"Low Impact Development” (LID) has become a key topic for engineers, planners, and architects who are faced with increasing environmental restrictions. The challenge for them is to minimize the impact we have on the ecosystem while at the same time create alluring, safe, and resilient infrastructure.
But what exactly is LID and how can this help mitigate environmental consequences?
According to the Environmental Protection Agency, the term LID refers to practices that mimic the natural movement and drainage of water to manage stormwater in order to protect water quality and aquatic habitat.
One such practice of LID is installing permeable paving, which retains and soaks in rainwater into the ground rather than allowing it to run off into ditches and drainage systems, where it would contribute to flooding and pollution problems. As a result, permeable paving helps reduce the human footprint by working with nature to manage stormwater as a resource rather than a waste.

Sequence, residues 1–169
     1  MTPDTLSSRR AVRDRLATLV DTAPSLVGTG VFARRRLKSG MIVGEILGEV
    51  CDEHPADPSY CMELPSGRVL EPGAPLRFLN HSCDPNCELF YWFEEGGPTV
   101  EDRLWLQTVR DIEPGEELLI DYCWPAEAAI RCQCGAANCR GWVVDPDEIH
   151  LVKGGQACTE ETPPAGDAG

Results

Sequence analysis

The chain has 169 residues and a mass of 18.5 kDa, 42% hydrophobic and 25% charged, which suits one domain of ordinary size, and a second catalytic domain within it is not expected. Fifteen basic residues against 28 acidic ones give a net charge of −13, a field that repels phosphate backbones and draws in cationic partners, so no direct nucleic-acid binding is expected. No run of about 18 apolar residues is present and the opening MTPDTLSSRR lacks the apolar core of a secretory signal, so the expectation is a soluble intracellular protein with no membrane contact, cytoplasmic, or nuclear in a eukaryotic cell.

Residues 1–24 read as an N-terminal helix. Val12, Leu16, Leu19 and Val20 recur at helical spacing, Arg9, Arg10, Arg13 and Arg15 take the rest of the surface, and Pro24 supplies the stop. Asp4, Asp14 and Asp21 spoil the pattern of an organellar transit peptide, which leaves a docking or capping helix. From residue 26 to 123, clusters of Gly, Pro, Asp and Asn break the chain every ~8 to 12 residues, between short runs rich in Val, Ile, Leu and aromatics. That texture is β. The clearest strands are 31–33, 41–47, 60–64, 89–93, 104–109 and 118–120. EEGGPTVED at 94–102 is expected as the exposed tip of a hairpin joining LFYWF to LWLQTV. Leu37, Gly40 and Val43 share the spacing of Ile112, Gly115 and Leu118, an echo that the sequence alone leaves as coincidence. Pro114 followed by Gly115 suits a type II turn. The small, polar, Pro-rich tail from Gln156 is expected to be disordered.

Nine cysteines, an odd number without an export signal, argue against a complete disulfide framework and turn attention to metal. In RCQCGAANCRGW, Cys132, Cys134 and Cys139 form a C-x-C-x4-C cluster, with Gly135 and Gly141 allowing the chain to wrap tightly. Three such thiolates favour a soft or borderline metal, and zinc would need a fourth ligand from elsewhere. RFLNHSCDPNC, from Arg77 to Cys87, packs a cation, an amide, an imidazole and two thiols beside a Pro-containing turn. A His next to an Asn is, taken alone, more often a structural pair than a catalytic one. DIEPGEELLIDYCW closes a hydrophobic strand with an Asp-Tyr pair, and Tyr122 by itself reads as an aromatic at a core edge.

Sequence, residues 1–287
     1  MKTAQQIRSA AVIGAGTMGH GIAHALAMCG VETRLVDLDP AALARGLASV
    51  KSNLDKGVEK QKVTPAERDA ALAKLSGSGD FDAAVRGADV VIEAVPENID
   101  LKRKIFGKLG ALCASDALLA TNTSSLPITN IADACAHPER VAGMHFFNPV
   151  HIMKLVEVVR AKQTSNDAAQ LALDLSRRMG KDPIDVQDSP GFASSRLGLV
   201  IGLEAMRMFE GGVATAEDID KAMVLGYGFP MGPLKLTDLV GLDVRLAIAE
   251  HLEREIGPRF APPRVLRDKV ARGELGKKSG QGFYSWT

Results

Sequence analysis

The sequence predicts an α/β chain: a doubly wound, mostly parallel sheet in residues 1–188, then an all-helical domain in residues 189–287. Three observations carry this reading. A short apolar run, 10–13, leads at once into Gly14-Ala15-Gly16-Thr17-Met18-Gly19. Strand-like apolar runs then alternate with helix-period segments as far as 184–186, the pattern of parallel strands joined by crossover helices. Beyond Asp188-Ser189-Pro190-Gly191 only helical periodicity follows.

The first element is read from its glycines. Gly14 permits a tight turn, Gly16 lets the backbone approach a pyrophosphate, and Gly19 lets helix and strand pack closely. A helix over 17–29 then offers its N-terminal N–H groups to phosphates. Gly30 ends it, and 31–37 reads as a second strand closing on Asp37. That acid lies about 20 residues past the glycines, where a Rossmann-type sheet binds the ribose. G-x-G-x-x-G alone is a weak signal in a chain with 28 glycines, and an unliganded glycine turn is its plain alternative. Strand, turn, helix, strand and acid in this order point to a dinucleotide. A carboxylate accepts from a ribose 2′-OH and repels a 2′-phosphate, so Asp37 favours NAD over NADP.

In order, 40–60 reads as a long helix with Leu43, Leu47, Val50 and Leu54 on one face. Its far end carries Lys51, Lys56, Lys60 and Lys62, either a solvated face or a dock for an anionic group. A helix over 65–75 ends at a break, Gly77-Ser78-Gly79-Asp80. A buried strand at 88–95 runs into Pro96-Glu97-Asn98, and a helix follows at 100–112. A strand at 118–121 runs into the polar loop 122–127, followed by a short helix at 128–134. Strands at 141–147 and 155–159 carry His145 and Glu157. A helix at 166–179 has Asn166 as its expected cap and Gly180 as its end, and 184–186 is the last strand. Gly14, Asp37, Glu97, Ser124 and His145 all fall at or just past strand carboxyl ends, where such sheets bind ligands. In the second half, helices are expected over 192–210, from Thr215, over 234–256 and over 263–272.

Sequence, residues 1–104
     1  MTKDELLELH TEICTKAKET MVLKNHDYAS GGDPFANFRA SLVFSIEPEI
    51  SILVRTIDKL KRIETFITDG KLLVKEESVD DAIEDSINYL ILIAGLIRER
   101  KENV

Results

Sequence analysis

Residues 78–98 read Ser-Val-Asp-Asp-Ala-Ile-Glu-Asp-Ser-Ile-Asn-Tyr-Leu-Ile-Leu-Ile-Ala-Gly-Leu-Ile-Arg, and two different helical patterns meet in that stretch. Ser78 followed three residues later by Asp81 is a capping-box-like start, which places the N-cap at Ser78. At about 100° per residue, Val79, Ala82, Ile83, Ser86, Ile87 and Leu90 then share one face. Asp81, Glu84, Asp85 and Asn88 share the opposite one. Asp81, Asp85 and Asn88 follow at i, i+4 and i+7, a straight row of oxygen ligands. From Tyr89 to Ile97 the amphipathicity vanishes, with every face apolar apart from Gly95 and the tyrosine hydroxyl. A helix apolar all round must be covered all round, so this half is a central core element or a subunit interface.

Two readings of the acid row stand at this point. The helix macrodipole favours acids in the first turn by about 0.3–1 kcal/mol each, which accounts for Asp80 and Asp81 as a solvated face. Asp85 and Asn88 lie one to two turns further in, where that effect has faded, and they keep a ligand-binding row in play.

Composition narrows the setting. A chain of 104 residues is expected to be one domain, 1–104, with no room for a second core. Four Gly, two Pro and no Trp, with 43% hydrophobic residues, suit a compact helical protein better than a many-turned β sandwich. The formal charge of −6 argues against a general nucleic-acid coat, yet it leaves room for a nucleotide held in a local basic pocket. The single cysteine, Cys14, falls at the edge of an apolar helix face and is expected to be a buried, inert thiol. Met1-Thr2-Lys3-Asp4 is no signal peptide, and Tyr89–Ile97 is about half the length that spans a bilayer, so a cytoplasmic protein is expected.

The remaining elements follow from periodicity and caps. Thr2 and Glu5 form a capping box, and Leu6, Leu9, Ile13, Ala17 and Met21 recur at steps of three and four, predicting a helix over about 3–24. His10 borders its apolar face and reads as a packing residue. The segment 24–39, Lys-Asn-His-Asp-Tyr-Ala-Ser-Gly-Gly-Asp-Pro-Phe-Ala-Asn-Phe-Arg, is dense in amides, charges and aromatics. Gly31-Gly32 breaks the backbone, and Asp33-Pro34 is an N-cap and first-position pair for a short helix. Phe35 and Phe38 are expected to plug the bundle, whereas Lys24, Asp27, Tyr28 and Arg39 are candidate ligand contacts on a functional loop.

As our community grows however, so does the areas which are covered by impervious parking lots, roads, and rooftops which does not allow rain to soak through. To tackle this issue, a number of green projects are currently underway such as the concept of Sponge City. Sneha Sinha of Insights Success mentions that "a Sponge City is a specially designed city that absorbs, cleans and uses rainwater in a natural and ecologically friendly way thus reducing runoffs.”